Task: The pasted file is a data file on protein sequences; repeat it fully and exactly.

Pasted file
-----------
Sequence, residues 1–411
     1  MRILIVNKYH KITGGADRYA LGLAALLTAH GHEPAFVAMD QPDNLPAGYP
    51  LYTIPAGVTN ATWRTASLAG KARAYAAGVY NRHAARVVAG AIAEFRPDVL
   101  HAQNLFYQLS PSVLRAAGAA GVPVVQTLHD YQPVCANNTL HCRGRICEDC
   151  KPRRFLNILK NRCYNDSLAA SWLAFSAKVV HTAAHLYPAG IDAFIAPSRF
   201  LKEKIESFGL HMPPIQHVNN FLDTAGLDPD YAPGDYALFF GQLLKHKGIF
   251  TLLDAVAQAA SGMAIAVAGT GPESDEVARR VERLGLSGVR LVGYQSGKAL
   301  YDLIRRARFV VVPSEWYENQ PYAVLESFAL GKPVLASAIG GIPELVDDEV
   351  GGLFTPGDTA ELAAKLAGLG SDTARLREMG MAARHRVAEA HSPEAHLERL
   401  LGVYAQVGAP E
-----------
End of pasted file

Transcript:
Sequence, residues 1–411
     1  MRILIVNKYH KITGGADRYA LGLAALLTAH GHEPAFVAMD QPDNLPAGYP
    51  LYTIPAGVTN ATWRTASLAG KARAYAAGVY NRHAARVVAG AIAEFRPDVL
   101  HAQNLFYQLS PSVLRAAGAA GVPVVQTLHD YQPVCANNTL HCRGRICEDC
   151  KPRRFLNILK NRCYNDSLAA SWLAFSAKVV HTAAHLYPAG IDAFIAPSRF
   201  LKEKIESFGL HMPPIQHVNN FLDTAGLDPD YAPGDYALFF GQLLKHKGIF
   251  TLLDAVAQAA SGMAIAVAGT GPESDEVARR VERLGLSGVR LVGYQSGKAL
   301  YDLIRRARFV VVPSEWYENQ PYAVLESFAL GKPVLASAIG GIPELVDDEV
   351  GGLFTPGDTA ELAAKLAGLG SDTARLREMG MAARHRVAEA HSPEAHLERL
   401  LGVYAQVGAP E